The all or a part of latch circuits mounted in the respective elements in the main control unit 780 shown in FIGS. 33A and 33B are constituted by the noise suppression latch circuit 790, respectively, in which the noise filter shown in FIGS. 10, 12 and 13A is built. Incidentally, a bypass capacitor C used in the latch circuit 790 may be made according to the gate capacitance of a transistor, or may be the bypass capacitor using the empty space of the gate array or the standard cell shown in the fourth to eight embodiments of the present invention. A limiter resistor R may be made of a polysilicon-resistor or an aluminum resistor.

A GPS receiver 791 in FIG. 33A receives a radio wave of 1575.42 MHz from the GPS satellite and obtains a necessary radio wave of 20 MHz through an RF down converter, a filter, an IF down converter and the like. In FIG. 33A, a system bus 703 is connected to a DRAM 792 used as a frame buffer and a system memory, a mask ROM (MROM) 793 used as a program memory and a character generator, an SRAM 794, used as a work area and a CD-ROM interface 795. A CD-ROM controller 796 is connected to the CD-ROM interface 795. The CD-ROM controller 796 has a function of controlling a drive for a CD-ROM 797 in which a map software and the like are stored and decoding the stored data. That is, the DRAM 792, the mask ROM 793, the SRAM 794 and the CD-ROM interface 795 are connected through the system bus 703 to the main control unit 780. Then, a map information and the like are displayed on a display 798.

Usually, in many cases, the car navigation apparatus employs a method of drawing out the map information from the CD-ROM 797 and displaying on the display 798 installed in the car and then selecting the shortest course from its present position to a destination. In the operation, there may be a case that a strong EMI noise is generated in the conventional car navigation apparatus, which causes the EMI noise to enter, for example, an FM radio receiver mounted near the apparatus.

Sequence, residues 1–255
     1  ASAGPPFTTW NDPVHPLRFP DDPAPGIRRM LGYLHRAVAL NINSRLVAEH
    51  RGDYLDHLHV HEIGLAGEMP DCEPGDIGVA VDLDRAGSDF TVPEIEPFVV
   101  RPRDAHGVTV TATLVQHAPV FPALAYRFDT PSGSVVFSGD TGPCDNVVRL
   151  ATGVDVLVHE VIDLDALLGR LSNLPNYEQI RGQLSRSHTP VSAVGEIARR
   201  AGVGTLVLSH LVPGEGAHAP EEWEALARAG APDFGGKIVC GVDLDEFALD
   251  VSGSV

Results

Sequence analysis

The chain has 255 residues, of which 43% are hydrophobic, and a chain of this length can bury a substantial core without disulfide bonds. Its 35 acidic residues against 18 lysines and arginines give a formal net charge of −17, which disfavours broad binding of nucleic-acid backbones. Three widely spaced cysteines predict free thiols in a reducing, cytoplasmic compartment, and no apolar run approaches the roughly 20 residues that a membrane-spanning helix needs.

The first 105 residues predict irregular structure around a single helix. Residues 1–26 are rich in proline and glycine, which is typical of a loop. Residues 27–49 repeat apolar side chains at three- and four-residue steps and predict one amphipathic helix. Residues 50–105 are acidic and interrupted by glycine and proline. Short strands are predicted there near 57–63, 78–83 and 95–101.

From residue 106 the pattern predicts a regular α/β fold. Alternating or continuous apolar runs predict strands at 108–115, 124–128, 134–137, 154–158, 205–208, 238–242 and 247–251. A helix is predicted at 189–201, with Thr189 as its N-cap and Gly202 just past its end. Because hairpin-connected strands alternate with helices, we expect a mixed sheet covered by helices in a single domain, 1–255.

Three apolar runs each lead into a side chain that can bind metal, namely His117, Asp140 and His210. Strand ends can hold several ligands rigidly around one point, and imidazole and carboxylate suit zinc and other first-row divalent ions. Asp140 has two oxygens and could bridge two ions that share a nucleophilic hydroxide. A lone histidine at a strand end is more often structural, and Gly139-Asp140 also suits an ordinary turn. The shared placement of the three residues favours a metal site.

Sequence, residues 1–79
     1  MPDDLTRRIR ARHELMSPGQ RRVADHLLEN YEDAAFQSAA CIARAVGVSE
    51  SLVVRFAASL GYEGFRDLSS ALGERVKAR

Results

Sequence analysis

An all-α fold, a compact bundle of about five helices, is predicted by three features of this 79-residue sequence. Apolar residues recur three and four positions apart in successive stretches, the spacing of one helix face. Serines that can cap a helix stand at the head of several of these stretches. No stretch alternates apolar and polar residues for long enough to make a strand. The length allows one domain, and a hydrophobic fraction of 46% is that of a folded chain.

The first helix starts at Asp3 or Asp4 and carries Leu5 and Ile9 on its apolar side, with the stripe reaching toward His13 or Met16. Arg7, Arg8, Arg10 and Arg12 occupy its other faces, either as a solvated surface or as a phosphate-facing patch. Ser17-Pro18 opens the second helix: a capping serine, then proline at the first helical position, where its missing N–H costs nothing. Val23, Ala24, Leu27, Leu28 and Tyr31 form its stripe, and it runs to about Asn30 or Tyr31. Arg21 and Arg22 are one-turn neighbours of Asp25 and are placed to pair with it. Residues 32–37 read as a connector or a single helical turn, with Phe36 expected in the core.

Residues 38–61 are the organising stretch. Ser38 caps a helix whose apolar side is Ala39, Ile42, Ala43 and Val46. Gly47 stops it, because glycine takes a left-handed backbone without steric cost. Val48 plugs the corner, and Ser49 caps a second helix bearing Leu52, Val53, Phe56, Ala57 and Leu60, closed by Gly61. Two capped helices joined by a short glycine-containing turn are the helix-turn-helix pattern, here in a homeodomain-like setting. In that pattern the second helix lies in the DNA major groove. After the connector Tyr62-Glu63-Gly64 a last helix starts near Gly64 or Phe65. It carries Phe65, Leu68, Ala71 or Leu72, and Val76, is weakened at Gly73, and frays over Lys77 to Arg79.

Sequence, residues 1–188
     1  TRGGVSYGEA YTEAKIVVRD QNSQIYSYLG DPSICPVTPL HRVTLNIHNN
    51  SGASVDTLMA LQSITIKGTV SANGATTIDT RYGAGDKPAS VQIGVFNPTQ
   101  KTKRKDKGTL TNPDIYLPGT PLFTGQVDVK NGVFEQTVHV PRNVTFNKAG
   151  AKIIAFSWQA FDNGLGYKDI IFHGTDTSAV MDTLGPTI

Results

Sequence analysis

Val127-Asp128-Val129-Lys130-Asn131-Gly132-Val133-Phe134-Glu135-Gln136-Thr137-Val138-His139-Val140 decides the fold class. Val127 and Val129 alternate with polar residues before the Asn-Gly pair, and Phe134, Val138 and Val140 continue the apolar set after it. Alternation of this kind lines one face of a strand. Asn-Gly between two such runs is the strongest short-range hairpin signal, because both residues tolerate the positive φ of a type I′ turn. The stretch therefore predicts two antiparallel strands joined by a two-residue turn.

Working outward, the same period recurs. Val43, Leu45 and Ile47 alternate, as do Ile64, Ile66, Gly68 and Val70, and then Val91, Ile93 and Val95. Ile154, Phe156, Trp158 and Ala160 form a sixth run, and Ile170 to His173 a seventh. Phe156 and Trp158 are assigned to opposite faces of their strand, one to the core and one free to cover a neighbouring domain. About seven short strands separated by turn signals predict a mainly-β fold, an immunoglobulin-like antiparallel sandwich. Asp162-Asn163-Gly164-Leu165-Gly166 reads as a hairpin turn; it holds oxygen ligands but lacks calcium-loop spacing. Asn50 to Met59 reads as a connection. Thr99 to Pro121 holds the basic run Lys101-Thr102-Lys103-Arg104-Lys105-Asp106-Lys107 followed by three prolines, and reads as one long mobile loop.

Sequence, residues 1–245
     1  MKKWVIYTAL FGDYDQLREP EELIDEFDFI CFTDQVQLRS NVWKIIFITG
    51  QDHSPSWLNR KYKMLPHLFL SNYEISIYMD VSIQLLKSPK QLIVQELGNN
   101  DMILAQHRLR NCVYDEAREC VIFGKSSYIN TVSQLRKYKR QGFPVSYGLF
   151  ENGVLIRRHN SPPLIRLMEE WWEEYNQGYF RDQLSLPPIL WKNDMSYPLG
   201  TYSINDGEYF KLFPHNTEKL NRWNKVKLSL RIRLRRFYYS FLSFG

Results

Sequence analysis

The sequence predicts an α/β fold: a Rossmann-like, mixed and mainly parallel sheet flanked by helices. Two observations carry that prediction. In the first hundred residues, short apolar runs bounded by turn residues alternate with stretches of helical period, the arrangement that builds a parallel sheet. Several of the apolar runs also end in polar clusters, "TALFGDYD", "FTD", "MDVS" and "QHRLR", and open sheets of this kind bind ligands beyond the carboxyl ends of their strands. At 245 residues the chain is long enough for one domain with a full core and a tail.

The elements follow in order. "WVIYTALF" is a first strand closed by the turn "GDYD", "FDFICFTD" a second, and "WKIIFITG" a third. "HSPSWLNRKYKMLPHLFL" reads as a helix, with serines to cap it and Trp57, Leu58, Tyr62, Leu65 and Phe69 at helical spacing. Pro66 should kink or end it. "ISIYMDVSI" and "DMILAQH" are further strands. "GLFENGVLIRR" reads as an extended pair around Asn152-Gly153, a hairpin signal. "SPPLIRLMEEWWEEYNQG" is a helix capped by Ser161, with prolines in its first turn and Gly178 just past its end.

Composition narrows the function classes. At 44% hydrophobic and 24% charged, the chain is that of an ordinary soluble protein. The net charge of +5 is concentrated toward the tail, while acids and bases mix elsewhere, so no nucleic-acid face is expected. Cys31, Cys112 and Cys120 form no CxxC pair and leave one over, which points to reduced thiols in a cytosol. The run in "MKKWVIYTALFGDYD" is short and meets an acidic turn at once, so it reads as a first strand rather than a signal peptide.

In contrast with this, the car navigation apparatus comprising the latch circuit 790 having the noise filter in the twelfth embodiment of the present invention can largely suppress the switching noise resulting from the latch circuit operated in synchronization with the clock signal within the integrated circuit and thereby suppresses the generation of the EMI noise as the whole system and accordingly obviates the trouble in the prior art.

Various modifications will become possible for those skilled in the art after receiving the teachings of the present disclosure without departing from the scope thereof.

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Classifications
U.S. Classification341/126, 341/173
International ClassificationH03K17/16, H03M1/00
Cooperative ClassificationH03K17/162, H03K19/00361
European ClassificationH03K17/16B2, H03K19/003J4
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Effective date: 20110612